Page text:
Inflammatory gene helps to control Obesity Risk
A gene that helps to control inflammation increases the risk of obesity and could be turned off in mice to stop weight gain, a study has found. A gene linked to inflammation, known as RIPK1 may also play a role in obesity, according to research led by an Aussie, which found that by turning the gene off in mice, they could dramatically cut the animals’ fat levels, total body weight, and improve their insulin sensitivity. Obesity is known to increase the risk of other health problems, including heart disease, diabetes, arthritis, high blood pressure, and some cancers. A gene that helps to control inflammation increases the risk of obesity and could be turned off in mice to stop weight gain, a study from The University of Queensland has found.
Dr. Karunakaran said she was determined to unravel the links between inflammation and obesity that went deeper than excessive eating or lack of exercise. “We found small changes in the inflammatory gene RIPK1 in the obese people, and these variations caused an increased amount of the gene being present in their fat tissue, increasing their risk of being obese,” Dr. Karunakaran said.
The researchers say these findings show that RIPK1 is genetically associated with obesity and that it could be a potential therapeutic target to address obesity and related diseases. “RIPK1 is essential for a healthy immune response, but it also causes hyper-inflammation when it ‘goes rogue’. “By finding an increased amount of inflammation in obese people, we can confidently say that obesity increases inflammation.” The researchers then looked at the effect of turning the inflammatory gene on and off in mice.
Gene that controls inflammation increases the risk of obesity
Without the gene, the mice remained at a normal weight despite eating a high-fat diet and their risk of diabetes was reduced. For years, scientists have understood that obesity causes inflammation, but this is the first time that they’ve proven the reverse is also true: that a gene involved in inflammation causes obesity.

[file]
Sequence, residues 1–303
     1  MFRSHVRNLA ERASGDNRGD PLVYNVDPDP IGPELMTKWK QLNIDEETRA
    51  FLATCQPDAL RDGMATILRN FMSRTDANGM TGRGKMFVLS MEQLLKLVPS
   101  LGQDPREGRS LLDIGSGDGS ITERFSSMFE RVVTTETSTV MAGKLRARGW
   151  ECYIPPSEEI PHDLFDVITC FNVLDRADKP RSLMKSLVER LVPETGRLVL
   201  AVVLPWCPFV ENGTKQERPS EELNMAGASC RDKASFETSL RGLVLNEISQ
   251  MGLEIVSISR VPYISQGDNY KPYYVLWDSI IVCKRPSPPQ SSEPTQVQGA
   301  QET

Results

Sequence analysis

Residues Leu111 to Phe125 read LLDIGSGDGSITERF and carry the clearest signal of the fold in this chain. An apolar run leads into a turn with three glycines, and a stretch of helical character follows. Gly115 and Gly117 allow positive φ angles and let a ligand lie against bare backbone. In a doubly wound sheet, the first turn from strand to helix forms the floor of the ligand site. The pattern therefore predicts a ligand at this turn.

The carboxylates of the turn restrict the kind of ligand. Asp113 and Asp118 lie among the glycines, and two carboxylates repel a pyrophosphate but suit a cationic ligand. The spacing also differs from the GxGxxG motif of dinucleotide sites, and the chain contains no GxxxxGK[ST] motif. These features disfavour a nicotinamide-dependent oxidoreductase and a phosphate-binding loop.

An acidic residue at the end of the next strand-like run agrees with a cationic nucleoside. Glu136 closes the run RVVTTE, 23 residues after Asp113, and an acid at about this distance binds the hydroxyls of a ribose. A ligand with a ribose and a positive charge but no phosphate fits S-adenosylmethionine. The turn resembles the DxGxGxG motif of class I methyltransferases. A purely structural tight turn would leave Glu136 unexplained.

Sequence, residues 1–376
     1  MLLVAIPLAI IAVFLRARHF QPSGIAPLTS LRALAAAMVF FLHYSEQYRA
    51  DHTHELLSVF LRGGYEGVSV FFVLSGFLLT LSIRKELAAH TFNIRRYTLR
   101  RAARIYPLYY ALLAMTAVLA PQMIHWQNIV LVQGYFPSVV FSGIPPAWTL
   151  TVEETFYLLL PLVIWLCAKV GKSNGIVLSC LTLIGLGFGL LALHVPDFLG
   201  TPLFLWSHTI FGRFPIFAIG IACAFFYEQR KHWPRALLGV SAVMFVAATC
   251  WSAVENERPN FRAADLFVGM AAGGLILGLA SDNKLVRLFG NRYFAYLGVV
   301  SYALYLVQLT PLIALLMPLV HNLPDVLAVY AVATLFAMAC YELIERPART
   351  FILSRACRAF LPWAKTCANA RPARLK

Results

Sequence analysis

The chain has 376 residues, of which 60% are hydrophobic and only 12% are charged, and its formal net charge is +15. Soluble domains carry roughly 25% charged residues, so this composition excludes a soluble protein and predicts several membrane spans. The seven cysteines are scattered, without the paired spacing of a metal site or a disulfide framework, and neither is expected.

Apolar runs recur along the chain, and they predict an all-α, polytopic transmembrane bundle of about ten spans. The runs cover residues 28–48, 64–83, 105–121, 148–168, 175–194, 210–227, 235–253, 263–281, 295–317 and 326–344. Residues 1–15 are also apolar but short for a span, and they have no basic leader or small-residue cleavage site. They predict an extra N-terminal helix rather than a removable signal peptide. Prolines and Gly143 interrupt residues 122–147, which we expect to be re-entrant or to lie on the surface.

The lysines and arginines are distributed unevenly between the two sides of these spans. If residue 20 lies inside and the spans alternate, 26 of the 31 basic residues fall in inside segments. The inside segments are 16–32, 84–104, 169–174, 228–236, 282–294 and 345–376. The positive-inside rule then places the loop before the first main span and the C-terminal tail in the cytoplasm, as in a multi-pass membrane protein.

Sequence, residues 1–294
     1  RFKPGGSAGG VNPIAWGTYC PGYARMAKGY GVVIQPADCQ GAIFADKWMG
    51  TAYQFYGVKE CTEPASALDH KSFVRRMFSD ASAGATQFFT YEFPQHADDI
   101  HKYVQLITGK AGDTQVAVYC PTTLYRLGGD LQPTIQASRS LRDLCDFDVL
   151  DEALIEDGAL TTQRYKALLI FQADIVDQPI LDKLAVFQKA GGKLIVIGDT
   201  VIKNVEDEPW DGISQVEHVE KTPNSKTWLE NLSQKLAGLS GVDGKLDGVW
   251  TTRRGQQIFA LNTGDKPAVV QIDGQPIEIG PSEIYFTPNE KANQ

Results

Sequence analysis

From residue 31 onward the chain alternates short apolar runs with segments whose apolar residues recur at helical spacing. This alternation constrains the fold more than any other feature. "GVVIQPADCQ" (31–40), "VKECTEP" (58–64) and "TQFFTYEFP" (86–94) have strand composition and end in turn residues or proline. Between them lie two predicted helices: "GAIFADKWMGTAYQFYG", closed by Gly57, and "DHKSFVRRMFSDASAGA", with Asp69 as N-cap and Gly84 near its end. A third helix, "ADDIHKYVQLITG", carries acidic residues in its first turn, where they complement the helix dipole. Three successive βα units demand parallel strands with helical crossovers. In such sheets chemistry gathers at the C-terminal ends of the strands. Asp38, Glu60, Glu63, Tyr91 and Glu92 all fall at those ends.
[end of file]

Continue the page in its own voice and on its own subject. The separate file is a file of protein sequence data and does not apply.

The mice with a normal level of the inflammatory gene put on weight from eating the same high-fat diet. More than half the 2000 participants were extremely obese with an average Body Max Index of 41 and a half were a healthy weight. Scientists found that people with mutant copies of the gene that expressed RIPK1 were more likely to be obese.
Dr. Karunakaran said that when stores exceeded healthy levels, the fat tissue became overwhelmed, cells died and the immune system was activated. “In obesity, the immune cells are working in overdrive, causing damaging inflammation when they don’t switch off,” she said. “By understanding more about these inflammation pathways, we can find ways to intervene to treat obesity, especially in specific groups of people. “These variations in the RIPK1 gene only occur in 8 to 12 percent of the population — so maybe these are the people who struggle to lose weight despite doing all the right things.” The study, recently published in the journal Nature Metabolism, established that elevated levels of the molecule RIPK1 – it plays a role in driving inflammation in the body – predispose people to obesity.